What are habits? Habits are the small decisions you make and behaviors you engage in every day. They are the choices you deliberately made at some point, and then ceased to think of, but continue doing often and on a daily basis. You know that coffee you have in the morning? At some point you consciously decided that was your choice of drink every morning, to the point that you no longer had to make a decision, and the behavior became automatic.
Why are habits important? According to researchers at Duke University, habits account for about 40 percent of your behavior on any given day! So in a sense we can argue that about half of your life is spent performing different habits. This means that fundamental elements of your life like your weight, your bank account, and your happiness, are all results of your habits!
What you repeatedly do, i.e. what you spend time thinking about and doing each day, shapes the person you are, the things you believe, and the character you portray. Though it might be true that elements of your character were inherited from your parents, your way of being in the world today starts with your habits, and those habits shape how you approach your own life everyday. Will Durant, who was an American writer, historian and philosopher wrote, “We are what we repeatedly do. Excellence, then, is not an act, but a habit.” Powerful!
If you want to optimize your days, it follows that you would want to identify the primary components of a habit. Many researchers have proved that the process of creating a habit is a three-step loop, and it goes like this:
1. Reminder (the cue/ trigger/ stimuli that initiates the behavior)
2. Routine (the behavior itself, what you do, the act, the thought)
3. Reward (the advantage you gain from doing the behavior)
As an example of a common habit, let’s look at the process of answering one’s door:
1. Reminder – Doorbell sounds, triggering you to walk towards the door.
2. Routine – You open the door.
3. Reward – Now you know who was there. (and hopefully it’s a welcomed guest).
To simplify habit formation for a moment, we can say that if you want to create new habits, you have to figure out your “Reminders” and “Rewards”, and then create your new “Routines.”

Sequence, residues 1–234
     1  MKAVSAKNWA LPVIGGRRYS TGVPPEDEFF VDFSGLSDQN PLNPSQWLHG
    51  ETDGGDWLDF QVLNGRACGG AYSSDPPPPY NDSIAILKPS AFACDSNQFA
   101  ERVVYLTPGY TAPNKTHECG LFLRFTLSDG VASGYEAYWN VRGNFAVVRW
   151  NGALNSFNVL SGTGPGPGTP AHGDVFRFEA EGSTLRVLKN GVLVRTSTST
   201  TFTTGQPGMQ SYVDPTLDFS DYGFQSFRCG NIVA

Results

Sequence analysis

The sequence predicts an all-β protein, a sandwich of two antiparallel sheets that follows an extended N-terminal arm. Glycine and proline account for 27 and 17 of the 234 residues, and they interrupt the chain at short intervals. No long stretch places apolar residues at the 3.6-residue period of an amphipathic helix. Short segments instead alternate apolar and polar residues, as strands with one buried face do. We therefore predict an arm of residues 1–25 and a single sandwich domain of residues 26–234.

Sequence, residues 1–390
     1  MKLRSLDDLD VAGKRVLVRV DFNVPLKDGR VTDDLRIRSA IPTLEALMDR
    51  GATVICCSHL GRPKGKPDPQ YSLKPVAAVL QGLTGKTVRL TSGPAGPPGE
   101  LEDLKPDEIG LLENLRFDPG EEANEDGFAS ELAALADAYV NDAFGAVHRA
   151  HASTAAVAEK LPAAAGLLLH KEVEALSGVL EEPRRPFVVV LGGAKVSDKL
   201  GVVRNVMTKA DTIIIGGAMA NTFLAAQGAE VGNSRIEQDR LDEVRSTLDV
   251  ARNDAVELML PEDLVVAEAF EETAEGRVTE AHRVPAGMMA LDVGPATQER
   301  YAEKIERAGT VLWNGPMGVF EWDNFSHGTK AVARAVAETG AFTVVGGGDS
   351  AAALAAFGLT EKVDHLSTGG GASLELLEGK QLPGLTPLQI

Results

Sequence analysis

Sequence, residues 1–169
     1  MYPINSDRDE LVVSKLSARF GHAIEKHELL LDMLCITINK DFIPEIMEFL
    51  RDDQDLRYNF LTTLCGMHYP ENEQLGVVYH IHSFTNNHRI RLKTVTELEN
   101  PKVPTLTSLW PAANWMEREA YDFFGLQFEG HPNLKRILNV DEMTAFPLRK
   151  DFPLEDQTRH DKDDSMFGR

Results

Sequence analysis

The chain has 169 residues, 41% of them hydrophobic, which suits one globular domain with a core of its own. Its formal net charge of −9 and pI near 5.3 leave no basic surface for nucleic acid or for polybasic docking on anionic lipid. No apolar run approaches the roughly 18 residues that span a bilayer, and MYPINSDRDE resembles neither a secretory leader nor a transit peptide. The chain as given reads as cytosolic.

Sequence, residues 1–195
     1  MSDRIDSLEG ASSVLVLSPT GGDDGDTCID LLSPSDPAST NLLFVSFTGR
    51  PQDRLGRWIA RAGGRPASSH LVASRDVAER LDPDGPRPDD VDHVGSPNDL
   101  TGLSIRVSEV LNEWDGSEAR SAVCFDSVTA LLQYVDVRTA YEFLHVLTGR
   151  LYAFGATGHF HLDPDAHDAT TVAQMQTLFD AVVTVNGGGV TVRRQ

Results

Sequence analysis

But how do we create new habits?
One of the ways to start a new habit is by using already existing habits. You need to build on existing reminders, or cues of your current habits to make the process of creating a new habit more automatic. For example, if you want to start eating oatmeal instead of sugary cereal in the morning, it’s best if you put the oatmeal packet by your coffee machine the night before. This creates a new routine, as you’re already using the cue of the coffee by pairing it with the oatmeal. Now, eating the oatmeal has its clear reward of knowing you are treating your body more kindly and becoming healthier. What’s left then is for your brain to reinforce this new habit, as the brain will start craving that ‘good feeling’ that comes from knowing you are accomplishing a goal you wished to be doing.. As simple as it might seem, moving the oatmeal packet the night before will help you greatly in making the ‘right decision’ as to what to eat that morning. Since in essence, it actually takes the decision making process out of your breakfast routine. This routine now sets the stage for this new, automated habit of having oatmeal in the morning instead of cereal.
You see, small changes in your behavior will reinforce the belief that you can change. This is a very important ingredient to any habit formation. Much more can be written on habit formation, but for now, go and find a desired small habit you wish to instill, and take action to create it.